Cabinet formation and plans
In January, the third cabinet led by Prime Minister Mark Rutte collapsed, and Dutch parliamentary elections were held on March 17. After a record formation period of 299 days, a ‘Rutte-IV’ cabinet was established in December. The coalition of four parties (VVD/D66/CDA/CU) reflects the composition of the previous cabinet. The cabinet will face the challenge of dealing with a number major issues. Besides the Covid-19 crisis, the main focus points will be the climate and the nitrogen emissions crisis, plus the housing market. Furthermore, the government is planning to allocate more funding to education, justice and security.
The new government reintroduced the position of Minister of Housing and Spatial Planning (filled by former Health Minister Hugo de Jonge). The goal for the coming cabinet period is to build around 100,000 new homes per year (with at least two-thirds in the affordable category). These will be built primarily in the 14 designated urban areas in the government’s NOVI programme. An annual sum of € 7.5 billion will be allocated to infrastructure around new housing developments. The government is also planning to abolish the landlord levy (‘verhuurdersheffing’) for social rental housing.
As of 1 January 2021, the real estate transfer tax (RETT) for property acquisitions increased to 8%, for residential as well as for commercial real estate. To put a further brake on record house price increases, the transfer tax for investors will be increased to 9% as of 2023. Further measures include stopping the € 100,000 tax exempt gift (for house purchase purposes). In 2021, a number of local authorities also introduced initiatives, such as the halt on buy-to-let within the existing housing market.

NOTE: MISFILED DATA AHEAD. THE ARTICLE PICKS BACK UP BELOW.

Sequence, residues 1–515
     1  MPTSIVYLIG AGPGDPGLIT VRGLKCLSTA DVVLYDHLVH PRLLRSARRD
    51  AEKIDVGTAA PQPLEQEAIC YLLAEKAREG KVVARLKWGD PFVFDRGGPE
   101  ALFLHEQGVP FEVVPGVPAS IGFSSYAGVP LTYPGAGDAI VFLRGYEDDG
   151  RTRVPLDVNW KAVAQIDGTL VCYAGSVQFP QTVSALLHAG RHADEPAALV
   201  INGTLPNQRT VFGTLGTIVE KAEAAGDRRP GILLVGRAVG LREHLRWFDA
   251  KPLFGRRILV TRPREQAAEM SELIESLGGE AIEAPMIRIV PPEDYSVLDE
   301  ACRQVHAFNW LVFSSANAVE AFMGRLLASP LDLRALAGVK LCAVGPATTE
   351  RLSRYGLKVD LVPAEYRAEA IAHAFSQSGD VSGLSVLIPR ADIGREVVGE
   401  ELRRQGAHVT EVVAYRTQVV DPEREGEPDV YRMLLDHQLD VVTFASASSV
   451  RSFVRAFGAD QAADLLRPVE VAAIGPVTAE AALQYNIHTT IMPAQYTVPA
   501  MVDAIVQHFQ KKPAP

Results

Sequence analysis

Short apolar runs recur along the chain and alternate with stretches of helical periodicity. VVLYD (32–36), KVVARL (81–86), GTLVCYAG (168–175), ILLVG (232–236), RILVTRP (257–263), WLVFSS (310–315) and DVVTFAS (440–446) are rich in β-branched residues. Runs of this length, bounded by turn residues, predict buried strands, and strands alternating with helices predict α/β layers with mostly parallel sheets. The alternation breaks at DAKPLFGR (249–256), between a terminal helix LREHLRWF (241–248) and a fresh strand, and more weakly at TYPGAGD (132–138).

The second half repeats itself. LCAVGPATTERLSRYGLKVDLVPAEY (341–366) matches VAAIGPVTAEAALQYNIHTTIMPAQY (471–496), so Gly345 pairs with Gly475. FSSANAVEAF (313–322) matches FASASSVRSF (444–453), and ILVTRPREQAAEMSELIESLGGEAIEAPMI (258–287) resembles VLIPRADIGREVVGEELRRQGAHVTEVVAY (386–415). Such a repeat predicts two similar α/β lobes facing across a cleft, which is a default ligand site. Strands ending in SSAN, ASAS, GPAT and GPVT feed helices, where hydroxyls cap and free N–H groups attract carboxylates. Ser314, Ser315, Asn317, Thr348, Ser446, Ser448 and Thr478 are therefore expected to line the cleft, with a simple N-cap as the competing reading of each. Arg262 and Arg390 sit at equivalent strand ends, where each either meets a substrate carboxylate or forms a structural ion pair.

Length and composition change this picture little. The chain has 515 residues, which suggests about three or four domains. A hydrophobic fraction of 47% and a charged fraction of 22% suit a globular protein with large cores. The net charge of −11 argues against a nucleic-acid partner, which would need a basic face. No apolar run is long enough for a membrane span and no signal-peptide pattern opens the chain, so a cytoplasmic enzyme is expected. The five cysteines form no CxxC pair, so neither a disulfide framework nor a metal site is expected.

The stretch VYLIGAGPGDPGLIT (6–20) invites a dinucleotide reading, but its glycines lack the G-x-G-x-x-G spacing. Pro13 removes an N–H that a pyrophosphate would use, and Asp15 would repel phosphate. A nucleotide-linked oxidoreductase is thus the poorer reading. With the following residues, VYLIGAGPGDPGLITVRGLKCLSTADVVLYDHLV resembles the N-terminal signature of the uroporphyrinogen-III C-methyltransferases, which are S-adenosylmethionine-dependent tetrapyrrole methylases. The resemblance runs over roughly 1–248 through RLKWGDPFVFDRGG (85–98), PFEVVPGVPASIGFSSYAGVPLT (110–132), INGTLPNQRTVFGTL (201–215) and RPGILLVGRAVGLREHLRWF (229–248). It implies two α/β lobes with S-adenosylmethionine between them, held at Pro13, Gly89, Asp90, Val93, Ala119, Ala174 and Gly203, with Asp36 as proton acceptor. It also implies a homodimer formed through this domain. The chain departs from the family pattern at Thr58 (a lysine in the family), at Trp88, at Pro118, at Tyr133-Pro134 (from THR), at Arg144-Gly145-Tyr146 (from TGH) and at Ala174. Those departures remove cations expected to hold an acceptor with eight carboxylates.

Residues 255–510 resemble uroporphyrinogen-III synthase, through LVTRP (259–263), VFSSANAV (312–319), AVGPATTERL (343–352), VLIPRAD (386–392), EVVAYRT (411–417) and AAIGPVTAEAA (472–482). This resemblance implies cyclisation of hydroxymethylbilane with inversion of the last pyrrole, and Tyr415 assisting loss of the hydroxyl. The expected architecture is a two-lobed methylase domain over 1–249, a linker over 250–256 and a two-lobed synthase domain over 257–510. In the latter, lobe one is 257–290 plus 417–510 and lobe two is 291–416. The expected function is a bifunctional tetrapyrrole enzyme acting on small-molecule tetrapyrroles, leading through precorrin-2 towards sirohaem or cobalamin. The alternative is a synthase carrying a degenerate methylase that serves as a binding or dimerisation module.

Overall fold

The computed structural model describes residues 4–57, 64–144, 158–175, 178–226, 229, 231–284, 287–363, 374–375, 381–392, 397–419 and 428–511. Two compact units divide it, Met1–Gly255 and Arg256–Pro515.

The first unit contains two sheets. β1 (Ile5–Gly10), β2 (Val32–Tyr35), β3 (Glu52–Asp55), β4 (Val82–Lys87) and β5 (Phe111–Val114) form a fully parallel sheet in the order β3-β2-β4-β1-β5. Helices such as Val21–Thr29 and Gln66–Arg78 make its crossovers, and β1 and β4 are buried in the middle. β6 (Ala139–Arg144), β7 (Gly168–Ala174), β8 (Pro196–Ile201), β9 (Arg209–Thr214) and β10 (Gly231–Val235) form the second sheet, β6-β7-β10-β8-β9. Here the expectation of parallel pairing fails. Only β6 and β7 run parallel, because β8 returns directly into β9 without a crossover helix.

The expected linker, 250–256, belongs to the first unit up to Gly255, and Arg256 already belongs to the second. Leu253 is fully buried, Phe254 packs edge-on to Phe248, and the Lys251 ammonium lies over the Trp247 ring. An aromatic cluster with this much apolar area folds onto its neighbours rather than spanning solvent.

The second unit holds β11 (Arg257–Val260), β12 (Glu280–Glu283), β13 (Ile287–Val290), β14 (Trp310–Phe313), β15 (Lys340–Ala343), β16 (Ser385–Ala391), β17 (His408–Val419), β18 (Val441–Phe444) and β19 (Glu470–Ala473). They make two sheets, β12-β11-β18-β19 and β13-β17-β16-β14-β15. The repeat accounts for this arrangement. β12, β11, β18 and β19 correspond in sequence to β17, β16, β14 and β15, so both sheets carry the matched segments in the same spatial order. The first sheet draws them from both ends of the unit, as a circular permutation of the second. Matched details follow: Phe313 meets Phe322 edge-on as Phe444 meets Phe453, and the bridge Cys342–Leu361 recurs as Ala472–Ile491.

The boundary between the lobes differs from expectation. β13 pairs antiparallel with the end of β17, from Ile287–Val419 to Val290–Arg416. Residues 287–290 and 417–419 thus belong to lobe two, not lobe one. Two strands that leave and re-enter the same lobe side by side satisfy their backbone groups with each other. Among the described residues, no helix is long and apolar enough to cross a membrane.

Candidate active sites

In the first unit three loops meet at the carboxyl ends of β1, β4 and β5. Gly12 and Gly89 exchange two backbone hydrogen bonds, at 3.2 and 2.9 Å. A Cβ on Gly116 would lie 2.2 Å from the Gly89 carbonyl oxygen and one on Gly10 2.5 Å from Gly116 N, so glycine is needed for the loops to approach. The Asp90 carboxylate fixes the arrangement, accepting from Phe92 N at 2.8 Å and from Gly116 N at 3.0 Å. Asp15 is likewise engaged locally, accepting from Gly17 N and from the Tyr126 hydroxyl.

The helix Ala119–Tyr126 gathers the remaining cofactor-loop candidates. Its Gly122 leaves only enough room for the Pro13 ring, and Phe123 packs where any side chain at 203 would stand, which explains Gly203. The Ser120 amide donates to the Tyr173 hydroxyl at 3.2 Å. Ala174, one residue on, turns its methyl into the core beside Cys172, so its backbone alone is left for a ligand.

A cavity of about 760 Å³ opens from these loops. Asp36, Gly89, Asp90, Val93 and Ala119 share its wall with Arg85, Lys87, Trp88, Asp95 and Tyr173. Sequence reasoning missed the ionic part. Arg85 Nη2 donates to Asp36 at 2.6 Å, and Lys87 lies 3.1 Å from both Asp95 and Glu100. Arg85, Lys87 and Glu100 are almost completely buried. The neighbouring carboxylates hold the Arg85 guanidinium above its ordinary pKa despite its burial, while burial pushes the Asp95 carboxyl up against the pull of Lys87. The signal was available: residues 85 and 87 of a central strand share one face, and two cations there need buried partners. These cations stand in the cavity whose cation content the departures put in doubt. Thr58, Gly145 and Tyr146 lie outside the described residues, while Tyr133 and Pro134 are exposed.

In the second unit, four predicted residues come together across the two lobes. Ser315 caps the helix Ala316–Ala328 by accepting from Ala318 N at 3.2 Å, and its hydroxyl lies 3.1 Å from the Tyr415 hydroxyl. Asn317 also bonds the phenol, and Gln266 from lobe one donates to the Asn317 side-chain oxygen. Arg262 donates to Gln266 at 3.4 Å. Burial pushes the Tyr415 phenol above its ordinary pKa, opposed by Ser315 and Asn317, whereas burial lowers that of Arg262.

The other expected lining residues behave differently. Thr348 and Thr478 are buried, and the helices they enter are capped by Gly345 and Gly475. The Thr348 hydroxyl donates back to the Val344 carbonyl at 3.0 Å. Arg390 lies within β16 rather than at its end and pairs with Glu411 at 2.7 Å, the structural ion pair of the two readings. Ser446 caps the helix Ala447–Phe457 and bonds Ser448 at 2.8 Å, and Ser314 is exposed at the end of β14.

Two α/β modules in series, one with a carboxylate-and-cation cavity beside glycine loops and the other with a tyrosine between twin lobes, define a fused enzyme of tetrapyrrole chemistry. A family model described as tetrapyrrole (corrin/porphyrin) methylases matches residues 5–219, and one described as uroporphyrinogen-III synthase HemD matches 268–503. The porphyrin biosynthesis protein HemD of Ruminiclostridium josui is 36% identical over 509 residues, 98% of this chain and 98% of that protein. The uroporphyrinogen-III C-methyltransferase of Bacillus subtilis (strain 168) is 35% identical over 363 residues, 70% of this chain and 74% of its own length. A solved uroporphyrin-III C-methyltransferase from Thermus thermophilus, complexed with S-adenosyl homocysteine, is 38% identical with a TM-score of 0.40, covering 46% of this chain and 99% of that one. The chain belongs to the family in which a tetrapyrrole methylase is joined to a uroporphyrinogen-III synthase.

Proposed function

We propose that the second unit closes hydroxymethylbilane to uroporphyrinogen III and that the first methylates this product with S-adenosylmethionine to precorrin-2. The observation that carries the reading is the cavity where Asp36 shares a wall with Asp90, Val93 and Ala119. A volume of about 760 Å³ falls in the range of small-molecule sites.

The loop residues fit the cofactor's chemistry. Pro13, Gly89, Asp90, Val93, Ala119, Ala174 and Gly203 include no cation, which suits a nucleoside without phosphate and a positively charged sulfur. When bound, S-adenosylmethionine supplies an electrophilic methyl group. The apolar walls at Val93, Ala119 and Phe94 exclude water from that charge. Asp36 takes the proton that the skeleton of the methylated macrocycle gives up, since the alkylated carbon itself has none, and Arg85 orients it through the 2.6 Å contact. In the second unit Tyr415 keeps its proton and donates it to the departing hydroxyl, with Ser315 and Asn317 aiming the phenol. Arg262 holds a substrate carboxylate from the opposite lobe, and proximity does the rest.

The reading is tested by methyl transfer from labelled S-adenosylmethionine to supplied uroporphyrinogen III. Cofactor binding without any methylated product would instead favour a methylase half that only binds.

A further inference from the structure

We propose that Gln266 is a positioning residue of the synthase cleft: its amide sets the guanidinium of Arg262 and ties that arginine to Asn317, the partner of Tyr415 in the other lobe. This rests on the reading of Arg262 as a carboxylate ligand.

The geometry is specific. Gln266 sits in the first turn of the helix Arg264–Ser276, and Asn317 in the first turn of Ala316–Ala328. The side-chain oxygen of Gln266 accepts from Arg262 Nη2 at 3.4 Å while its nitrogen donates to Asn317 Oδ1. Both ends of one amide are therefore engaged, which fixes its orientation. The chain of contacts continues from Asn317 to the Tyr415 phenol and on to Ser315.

In 2021, the caretaker cabinet foced for the most part on fighting the Covid-19 pandemic and finding a balance between limiting the spread of the disease and keeping the economy and companies healthy. Despite the continued roll-out of the vaccination programme, lockdown measures came and went in 2021, which had a major impact on the (non-essential) retail and hotel and leisure segments. While most restrictions were lifted in the course of the third quarter, November and December in particular once again saw heavy restrictions for retailers.